If doctors could look for tumors that small and in structures that delicate in humans, they might catch cases of breast or pancreatic cancer sooner, Tearney says.
The device could also make new procedures possible, he says. With such a small, sure instrument, doctors could burrow deeper into the brain or poke safely through an amniotic membrane to examine a fetus. They might also be able to conduct endoscopic exams without administering anesthesia.
“The technology looks extremely promising to me,” says Wayne Lencer, chief of gastroenterology and nutrition at Children’s Hospital Boston. Lencer knows the size-versus-image problem firsthand because he uses endoscopes to look for gastrointestinal problems in children. A scope as thin as a hair could explore the smallest, most fragile ducts of the pancreas “that are now not accessible,” he says. And with 3-D imaging, he might see “diseases not readily apparent” in his scopes’ 2-D images, he says.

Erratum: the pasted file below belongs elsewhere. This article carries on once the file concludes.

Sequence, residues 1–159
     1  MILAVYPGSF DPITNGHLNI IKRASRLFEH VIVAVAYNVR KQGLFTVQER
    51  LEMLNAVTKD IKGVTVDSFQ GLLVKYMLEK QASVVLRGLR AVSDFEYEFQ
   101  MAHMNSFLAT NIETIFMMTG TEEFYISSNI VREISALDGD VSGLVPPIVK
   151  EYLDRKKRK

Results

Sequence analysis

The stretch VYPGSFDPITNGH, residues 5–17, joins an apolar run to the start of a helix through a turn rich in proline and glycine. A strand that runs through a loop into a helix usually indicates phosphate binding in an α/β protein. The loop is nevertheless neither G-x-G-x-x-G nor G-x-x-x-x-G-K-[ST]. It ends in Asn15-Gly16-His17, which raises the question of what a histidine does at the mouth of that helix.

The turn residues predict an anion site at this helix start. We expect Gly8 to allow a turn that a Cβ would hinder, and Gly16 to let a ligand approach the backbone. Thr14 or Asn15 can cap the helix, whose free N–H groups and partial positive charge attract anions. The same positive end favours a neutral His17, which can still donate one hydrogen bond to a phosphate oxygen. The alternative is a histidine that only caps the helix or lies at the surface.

But the new scope, still a prototype, has a long way to go before reaching humans, Tearney says. The team must test safety. And it would like to add color and increase the resolution, or add more pixels, to the 3-D images. The resolution–now only slightly better than that of small scopes used by doctors today–could be boosted tenfold by tweaking the optics, Tearney’s colleague Dvir Yelin says. A big challenge, Tearney points out, will be equipping the now-flimsy scope to route around twists and turns in the body without adding bulk.
If it all comes together in the hair-thin device, Tearney says, doctors could get a safe and clear look at any tissue in the body. “No one has ever had these capabilities before,” he says.